29 October 2020, The Tablet

Priests warn against language of new lectionary

Priests warn against language of new lectionary

Pope Francis, pictured here with the lectionary, or book of Mass readings, that was used the Second Vatican Council.
CNS photo/Vatican Media

Just eight of the 26 Irish bishops to whom the leadership of the Association of Catholic Priests wrote outlining their concerns over expected changes to translations of the lectionary have responded.

However, those who did respond – the bishops of Armagh, Dublin, Achonry, Ardagh and Clonmacnois, Cork and Ross, Elphin, Killaloe, Waterford and Lismore – have assured the priests that the matter will be discussed by the Irish Bishops’ Conference.

In their letter, Frs Gerry O’Connor, Tim Hazelwood, Roy Donovan and John Collins on behalf of the ACP said they were concerned that the ESV translation does not allow for the use of inclusive language and favours the use of generic terms such as “man”, “mankind” and “brothers”.

“Such terms are not just out of sync with modern usage but are culturally regarded as diminishing and disrespectful of women,” the priests stressed.

They asked the bishops to give the issue the urgent attention it is due:  “From what we have been able to glean from The Tablet and other sources, it would seem that the bishops of England and Wales, and Scotland are of one mind and intention in supporting the use of the ESV translation in the proposed new lectionary.”

In their letter, which was sent individually to every bishop on the island of Ireland, the ACP leadership said: “At a time when efforts are being made – internationally, nationally and at diocesan and parish level – to enhance the role of women in our Church and to encourage women to continue their invaluable participation in Church life, acceptance of exclusive rather than inclusive terms will be interpreted as demeaning and insulting by many women (and men),” the ACP priests stated.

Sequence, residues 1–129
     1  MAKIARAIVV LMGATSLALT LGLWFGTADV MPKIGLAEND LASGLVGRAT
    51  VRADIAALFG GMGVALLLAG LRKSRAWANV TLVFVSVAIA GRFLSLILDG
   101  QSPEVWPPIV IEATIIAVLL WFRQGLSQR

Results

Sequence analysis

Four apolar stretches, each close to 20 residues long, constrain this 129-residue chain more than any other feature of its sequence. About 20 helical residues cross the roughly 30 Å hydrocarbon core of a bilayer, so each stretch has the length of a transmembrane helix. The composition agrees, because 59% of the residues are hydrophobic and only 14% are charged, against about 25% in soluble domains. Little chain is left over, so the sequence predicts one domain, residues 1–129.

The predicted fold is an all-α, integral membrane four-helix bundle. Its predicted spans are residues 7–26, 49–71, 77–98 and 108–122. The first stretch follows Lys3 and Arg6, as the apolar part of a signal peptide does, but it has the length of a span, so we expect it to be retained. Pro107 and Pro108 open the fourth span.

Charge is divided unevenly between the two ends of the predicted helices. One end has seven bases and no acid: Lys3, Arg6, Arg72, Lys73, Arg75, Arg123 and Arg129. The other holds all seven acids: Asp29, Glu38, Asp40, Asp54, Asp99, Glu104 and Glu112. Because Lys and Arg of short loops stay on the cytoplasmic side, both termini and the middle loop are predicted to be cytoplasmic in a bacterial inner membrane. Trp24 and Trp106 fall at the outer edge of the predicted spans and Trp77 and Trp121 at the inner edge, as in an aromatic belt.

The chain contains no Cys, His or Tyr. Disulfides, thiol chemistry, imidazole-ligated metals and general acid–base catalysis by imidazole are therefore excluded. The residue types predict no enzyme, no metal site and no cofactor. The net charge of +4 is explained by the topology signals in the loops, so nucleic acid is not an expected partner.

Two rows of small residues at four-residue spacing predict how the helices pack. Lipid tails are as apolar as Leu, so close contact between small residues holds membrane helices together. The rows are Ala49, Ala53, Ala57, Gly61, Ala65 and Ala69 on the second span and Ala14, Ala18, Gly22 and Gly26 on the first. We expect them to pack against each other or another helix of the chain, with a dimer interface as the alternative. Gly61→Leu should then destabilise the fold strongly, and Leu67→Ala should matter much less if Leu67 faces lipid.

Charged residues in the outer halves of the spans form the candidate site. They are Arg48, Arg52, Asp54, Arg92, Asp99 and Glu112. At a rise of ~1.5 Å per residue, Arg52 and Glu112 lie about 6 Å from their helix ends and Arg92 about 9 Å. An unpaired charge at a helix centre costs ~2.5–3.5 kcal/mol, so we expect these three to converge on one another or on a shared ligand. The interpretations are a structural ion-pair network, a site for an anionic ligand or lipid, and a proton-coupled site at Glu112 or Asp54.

They added: “It seems obvious that, for the good of the Church, such a dispensation needs to be avoided at all costs.”

They also noted that before the introduction of the New Missal, at a meeting between the Episcopal Commission for the Liturgy and the ACP, a bishop told the meeting that the problem with the New Missal was “that it wasn’t English”.

More recently at a meeting between the ACP and representatives of the Irish Bishops, a senior bishop admitted that, in regard to the New Missal: “We took our eye off the ball”.

The ACP leaders said that they were worried that, with arrangements apparently at such an advanced stage, other episcopal conferences may expect, indeed presume, that the Irish bishops will “cooperate in giving the nod” to a version of the lectionary that “will cause not just division, disunity and damage in our parishes but offer to women, especially younger women, yet another argument for jettisoning their connection with the Church”.

They said that they believed their view is representative of not just ACP members but the generality of priests in Ireland “who know from personal experience in their parishes the contribution women make, and the need to support them – not to diminish or demean them”.

They also warned the Irish bishops that if they were to ignore the concerns of the wider church on this issue “it would hasten the exit of even more of the faithful and add to the already large number of Irish people who simply see us as irrelevant”.

Responding to the letter, Redemptorist Fr Gerry Moloney warned: “To introduce a poorly translated and sexist lectionary, as appears will be the case, shows that the English-speaking bishops’ conferences have learned nothing from the 2011 new missal debacle.” He added: “I will not be using this new lectionary.”

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